In addition, technology has contributed to the ability of in-house lawyers to handle complex legal work. Law departments have made tremendous investments in sophisticated technology, eliminating the edge that outside law firms once had in this area. The in-house attorneys now can process and generate information and documentation on a par with the outside lawyers.

Hard Work
Myth Two: Easier Hours. The reality is that everyone in business is working harder in the 1990's. In-house attorneys are no exception.

Management's contemporary theme emphasizes that individual contribution is the key to success. Every person counts. The imagined lure of in-house positions as the path to major lifestyle change is readily negated by management's 1990's focus.

G.E., for example, adopted a program called "Work-Out." One business-school guru called this program "one of the biggest planned efforts to alter people's behavior since Mao's Cultural Revolution."

In essence, the program implemented the company's corporate operating objective by intellectually and emotionally involving every employee in its mission. The cornerstone of this and similar programs is to build employee trust and encourage workers at all levels to take on more responsibility. By mid-1992, nearly two-thirds of employees, numbering 200,000 individuals, had participated in the program.

The relegation of in-house attorneys to routine assignments and a role as a conduit is inconsistent with these values, as is the idea of a more relaxed schedule. But compared with the schedule in many major law firms, corporate life, even in these more demanding times, is not more time consuming.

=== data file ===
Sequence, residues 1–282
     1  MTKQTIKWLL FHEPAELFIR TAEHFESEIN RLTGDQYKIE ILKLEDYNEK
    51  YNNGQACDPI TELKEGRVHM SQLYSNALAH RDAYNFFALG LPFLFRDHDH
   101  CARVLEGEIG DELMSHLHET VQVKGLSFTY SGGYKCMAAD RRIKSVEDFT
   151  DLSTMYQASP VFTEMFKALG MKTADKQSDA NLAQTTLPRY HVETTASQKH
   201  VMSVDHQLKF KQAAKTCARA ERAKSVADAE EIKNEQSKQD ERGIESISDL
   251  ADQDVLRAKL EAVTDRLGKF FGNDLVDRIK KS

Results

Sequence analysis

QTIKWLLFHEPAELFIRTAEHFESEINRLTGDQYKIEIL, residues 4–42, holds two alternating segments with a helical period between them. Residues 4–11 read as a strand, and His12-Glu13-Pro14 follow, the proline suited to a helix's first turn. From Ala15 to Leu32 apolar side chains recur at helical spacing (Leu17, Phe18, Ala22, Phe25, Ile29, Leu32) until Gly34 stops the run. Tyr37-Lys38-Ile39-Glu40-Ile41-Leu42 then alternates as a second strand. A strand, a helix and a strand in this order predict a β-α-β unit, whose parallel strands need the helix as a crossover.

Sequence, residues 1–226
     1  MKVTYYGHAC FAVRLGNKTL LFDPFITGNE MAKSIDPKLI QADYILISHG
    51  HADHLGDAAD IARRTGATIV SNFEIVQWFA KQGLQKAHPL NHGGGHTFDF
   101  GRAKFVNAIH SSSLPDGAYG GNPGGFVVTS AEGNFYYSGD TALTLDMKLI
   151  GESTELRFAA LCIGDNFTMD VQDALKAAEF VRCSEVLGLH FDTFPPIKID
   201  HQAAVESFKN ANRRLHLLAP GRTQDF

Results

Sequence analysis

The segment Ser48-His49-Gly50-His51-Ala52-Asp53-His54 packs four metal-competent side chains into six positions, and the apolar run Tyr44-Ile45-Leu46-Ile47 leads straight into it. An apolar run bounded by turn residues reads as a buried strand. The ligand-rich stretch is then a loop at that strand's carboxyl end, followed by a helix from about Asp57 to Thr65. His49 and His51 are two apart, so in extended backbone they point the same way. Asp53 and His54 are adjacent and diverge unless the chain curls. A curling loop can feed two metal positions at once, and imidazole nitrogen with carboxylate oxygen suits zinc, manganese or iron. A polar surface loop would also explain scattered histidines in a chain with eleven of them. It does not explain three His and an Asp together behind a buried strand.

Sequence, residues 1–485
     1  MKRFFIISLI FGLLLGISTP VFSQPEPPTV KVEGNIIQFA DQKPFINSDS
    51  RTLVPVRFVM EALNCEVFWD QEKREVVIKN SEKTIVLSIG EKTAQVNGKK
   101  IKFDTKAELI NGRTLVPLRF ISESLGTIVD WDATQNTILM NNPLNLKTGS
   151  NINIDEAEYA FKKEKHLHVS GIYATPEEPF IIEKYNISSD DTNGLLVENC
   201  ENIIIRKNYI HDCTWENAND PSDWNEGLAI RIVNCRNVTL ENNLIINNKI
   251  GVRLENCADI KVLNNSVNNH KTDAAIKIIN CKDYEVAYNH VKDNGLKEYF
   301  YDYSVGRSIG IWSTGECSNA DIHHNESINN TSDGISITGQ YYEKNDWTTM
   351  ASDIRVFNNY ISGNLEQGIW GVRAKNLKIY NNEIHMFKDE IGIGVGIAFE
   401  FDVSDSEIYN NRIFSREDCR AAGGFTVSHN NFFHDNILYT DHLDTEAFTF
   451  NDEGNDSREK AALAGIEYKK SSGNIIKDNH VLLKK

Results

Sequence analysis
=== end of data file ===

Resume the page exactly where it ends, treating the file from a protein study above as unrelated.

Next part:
The corporate world, however, has eliminated layers of middle management, resulting in productivity levels at an all-time high. In 1987, two years before this restructuring reached full tilt, The Wall Street Journal reported that 88 percent of top executives surveyed worked 10 or more hours a day and 18 percent worked 12 hours or more. And the work did not stop on the weekend. Ninety-four percent worked at least one hour every weekend, 33 percent worked six or more hours. Vacation time was also down from 16 to 14 days a year.

Job Security
Myth Three: Job Security. Although corporations are not built on the up-or-out model of most major law firms, they are not lifetime employers. The concept of job security has been redefined, with corporations no longer guaranteeing employment, only employability. The idea is that the skills learned during employment will be transferable to other employers in the general marketplace.

In the terms of today's management, job security comes from the real value that the lawyer brings to the corporation in helping it meet its objectives. With the growing complexity of in-house legal work, in-house lawyers will develop sharper skills that meet a marketplace demand.

Myth Meets Reality. As a frontline player in the new corporate paradigm, the in-house lawyer has the opportunity to be a key part of the revolution in corporate management. The enlightened lawyer can add real value to his or her client's business while maintaining and improving professional skills. Although the hard reality is that these opportunities will demand a significant time commitment, in the end the legal work will be more challenging and satisfying.